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Autism Genomics

Is there such a thing as an autism genome?

This week’s “Got Question” answer comes from Brett Abrahams, PhD, assistant professor of genetics and neuroscience at the Albert Einstein College of Medicine, in New York City.

No, there is no autism genome. By definition, a genome is the entirety of an individual’s hereditary material. Our genomes are made up of billions of repeating DNA base pairs. The DNA is a code or instruction manual that governs the ways cells grow, divide and interact in response to signals from the environment and other cells. Each of us has a genome that’s different from all others in many ways. Thousands of these differences help shape who we are, and some influence the risk of developing a genetic disorder.

Researchers have identified a large and growing number of genetic variants that influence autism risk. These rare genetic variants, occurring in specific regions of the genome, can affect the ways cells function in profound ways. Research has identified a number of these variants as greatly increasing the risk of autism. Although each is very rare, 10 to 20 percent of individuals with autism appear to have at least one. People who carry these variants don't always develop autism. However, they’re at substantially increased risk.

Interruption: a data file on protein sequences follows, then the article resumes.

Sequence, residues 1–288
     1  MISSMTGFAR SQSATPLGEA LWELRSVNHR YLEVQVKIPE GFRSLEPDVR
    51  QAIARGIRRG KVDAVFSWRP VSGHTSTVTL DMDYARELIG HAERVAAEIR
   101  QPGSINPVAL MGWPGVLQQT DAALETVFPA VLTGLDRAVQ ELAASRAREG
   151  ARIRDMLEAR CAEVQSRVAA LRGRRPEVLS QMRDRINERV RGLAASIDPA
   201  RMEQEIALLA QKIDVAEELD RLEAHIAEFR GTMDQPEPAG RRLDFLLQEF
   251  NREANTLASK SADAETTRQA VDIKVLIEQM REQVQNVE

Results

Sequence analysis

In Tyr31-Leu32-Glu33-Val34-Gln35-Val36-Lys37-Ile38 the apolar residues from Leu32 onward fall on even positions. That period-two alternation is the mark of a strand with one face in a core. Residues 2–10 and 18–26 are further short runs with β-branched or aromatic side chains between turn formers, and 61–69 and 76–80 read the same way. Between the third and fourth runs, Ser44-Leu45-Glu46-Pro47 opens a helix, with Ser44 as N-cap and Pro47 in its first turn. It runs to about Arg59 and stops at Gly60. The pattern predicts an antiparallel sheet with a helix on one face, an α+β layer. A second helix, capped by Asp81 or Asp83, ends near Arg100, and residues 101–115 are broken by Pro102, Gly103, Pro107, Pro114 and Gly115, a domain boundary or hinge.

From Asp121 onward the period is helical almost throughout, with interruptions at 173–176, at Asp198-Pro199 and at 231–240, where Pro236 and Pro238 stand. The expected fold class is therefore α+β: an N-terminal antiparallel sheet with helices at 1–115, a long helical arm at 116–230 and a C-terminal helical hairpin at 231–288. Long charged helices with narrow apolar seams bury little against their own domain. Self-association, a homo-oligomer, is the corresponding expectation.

We also have evidence of more common genetic variants that increase autism risk by affecting cellular function in subtle ways. In the general population, most people carry one or two of these variants. But one or two does not appear to be sufficient to cause autism by themselves. [Editor's note: Also see our related news story, "Common Gene Variations Add Up to Increase Autism Risk."]

To better understand this distinction, take the analogy of driving a car. Driving in a blizzard dramatically increases the risk of a bad outcome. Similarly, having a high-risk genetic variant can profoundly influence the chances that a child will develop autism. Using the driving analogy, more subtle issues can also produce problems. Take, for example, a tired driver, bald tires or wet roads. In isolation, any one is rarely a concern. Likewise, having subtle genetic variants doesn’t necessarily lead to autism. But it increases risk.

Very few genetic variants act in the same way in all individuals. Clearly, there is no one form of autism. These differences reflect differences in genetics and environment. Current thinking suggests that it's the way in which rare and common variants come together with environmental factors that shapes each person’s outcome.

Autism Speaks is funding a number of studies aimed at helping better understand the genetics of autism. You can explore these and other funded research projects using this website’s Grant Search. Got more questions? Please send them to GotQuestions@autismspeaks.org.